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Industrial property, energy and space insurance well positioned in hard market, says Helvetia

The current hard market and changing risk landscape are likely to be good for business for certain specialty lines, according to Swiss insurer Helvetia.

Oscar Treceno, head of engineering, energy, industrial property, cyber and space at Swiss all-lines insurer Helvetia, told Commercial Risk DACH that he sees strong potential for his business area in the current environment.

Helvetia’s technical lines were prudently managed during the last soft market spell, according to Treceno. “We stayed defensive during the prolonged soft market phase and avoided excessive exposures.”

As a result, the business area entered the hard market from a position of strength, enabling it to expand during the past two years to a current value in excess of CHF400m per year.

The company has also been boosted by a  recent rating upgrade to ‘A+’ with stable outlook by Standard & Poor’s, said Treceno.

“The upgrade is extremely important in that it promotes confidence among brokers and clients. Take, for example, a risk like Crossrail [a railway construction project in London], which is a multi-billion-pound project with a long time horizon,” he said.

Helvetia is also keen to expand its involvement in renewable energies, said Treceno.  The company is using its technical expertise and civil engineering background to cover the entire production process from energy generation to storage, involving huge battery system technology.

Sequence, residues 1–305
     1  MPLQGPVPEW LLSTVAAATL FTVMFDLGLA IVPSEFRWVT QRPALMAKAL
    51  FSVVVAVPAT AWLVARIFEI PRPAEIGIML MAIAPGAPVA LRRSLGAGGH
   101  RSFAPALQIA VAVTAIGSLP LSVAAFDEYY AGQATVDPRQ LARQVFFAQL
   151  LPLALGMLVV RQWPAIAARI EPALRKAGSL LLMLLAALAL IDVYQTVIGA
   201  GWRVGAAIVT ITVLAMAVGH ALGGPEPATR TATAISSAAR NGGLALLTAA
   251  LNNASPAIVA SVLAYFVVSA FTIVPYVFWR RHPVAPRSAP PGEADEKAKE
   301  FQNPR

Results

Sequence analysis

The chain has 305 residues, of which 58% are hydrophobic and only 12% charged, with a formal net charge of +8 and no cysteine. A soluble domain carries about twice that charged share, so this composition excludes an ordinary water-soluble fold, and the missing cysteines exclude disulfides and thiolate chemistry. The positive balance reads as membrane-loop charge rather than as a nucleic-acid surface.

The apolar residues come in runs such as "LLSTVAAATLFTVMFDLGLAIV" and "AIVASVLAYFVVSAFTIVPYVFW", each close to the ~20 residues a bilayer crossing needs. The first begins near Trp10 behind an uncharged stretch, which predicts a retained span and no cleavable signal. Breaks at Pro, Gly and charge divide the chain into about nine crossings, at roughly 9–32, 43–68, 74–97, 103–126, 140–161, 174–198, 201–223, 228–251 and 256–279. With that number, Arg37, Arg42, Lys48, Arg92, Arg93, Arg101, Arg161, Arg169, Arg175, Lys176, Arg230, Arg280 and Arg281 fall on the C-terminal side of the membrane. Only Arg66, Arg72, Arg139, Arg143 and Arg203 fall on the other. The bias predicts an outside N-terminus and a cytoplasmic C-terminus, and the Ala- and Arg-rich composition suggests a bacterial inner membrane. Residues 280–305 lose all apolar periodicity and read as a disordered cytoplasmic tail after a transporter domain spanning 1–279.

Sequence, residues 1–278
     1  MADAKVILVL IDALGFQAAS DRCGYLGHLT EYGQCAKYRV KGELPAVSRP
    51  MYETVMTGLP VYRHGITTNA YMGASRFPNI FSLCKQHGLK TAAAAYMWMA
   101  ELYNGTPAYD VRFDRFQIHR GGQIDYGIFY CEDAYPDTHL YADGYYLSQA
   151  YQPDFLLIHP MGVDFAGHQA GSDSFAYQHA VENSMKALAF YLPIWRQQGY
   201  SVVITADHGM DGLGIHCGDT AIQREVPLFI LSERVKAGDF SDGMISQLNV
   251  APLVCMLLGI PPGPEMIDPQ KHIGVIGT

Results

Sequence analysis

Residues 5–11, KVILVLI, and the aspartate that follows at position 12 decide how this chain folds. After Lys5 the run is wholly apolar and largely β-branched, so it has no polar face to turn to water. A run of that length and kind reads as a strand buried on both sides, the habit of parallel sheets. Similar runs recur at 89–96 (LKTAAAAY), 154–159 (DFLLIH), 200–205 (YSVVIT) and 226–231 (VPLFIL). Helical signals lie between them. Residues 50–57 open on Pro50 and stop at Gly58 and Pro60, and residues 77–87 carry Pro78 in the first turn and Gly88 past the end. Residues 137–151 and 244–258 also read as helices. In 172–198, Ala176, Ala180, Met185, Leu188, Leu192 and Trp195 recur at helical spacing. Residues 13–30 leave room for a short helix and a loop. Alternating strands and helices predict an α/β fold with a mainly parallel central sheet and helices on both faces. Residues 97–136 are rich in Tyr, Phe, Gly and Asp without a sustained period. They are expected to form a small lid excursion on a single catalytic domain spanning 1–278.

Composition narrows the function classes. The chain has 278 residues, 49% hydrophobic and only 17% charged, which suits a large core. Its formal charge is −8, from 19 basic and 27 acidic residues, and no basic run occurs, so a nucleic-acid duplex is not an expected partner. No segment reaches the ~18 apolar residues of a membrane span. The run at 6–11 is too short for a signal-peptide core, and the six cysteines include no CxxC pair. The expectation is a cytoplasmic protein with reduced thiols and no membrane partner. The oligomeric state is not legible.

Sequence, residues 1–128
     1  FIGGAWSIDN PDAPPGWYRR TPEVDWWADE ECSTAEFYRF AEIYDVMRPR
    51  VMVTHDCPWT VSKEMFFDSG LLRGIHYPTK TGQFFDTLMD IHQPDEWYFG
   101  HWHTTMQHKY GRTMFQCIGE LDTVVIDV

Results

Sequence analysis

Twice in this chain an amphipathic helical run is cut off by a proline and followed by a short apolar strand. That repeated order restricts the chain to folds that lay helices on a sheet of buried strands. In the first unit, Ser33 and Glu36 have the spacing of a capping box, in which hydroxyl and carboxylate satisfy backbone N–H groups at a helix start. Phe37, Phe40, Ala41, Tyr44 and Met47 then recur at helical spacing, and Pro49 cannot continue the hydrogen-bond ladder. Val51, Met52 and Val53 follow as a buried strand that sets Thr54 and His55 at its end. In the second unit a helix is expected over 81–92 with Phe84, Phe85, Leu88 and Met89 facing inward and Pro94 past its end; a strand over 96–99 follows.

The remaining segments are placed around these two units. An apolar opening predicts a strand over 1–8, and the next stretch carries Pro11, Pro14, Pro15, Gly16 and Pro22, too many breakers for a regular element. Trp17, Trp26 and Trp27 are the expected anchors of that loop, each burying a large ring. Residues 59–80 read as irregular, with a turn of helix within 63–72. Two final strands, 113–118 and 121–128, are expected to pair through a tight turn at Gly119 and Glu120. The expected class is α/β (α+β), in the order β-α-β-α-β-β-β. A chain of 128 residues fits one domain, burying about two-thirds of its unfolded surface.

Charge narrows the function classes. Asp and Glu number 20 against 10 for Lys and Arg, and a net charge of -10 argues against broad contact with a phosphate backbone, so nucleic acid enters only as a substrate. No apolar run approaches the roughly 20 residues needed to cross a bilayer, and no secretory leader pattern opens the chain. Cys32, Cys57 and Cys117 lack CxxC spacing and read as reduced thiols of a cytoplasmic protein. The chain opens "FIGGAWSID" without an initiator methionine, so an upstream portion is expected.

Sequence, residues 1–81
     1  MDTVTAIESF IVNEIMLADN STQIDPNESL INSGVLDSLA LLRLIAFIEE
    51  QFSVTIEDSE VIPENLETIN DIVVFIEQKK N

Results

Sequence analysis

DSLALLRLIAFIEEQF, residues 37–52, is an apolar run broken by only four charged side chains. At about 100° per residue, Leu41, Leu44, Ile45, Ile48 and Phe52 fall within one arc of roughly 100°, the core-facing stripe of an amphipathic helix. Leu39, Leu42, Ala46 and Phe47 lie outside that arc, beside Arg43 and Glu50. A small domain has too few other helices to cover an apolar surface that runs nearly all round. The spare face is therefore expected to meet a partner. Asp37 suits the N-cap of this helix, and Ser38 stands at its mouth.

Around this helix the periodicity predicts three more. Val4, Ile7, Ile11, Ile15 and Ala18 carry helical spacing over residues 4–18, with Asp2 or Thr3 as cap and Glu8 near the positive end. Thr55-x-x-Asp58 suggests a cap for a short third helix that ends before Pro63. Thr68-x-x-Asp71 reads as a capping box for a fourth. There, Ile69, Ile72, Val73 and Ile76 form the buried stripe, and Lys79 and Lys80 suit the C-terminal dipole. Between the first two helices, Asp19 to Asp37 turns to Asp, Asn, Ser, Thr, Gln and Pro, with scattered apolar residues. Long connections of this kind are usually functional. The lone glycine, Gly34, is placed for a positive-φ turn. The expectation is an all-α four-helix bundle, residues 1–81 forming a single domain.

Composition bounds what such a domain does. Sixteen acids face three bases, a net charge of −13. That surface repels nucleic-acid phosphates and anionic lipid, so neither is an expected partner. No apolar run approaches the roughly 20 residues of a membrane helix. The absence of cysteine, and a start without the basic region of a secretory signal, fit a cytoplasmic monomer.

Although the conditions for growth are in place, namely capital strength, sophisticated technical knowledge and a healthy, diversified portfolio, business expansion is not the primary objective for Helvetia.

“Our priority is to give customers the products they really need at the right price and to guarantee technical excellence in doing so,” stressed Treceno. He added that this approach brings sustainable growth that will benefit the company over the long term.

In that context, uncorrelated lines are invariably of interest, given the considerable loss potential in engineering, industrial property, energy and space business. Treceno commented: “Our lines all have relatively high volatility. They also have a strong technical component in their DNA. That’s why we put them together to form a balanced and uncorrelated portfolio.”

Going forward, the main challenge in delivering fairly priced, customised solutions lies in the quality of data analysis, according to Treceno. The unprecedented volume of big data now available to the market presents big opportunities.

To illustrate this point, he said: “If you imagine an iceberg, some of it is visible but the main part is invisible. The key to improving our risk assessment lies in assessing the data below the surface. That is our big challenge over the next decade as we work to improve our pricing and risk selection.”

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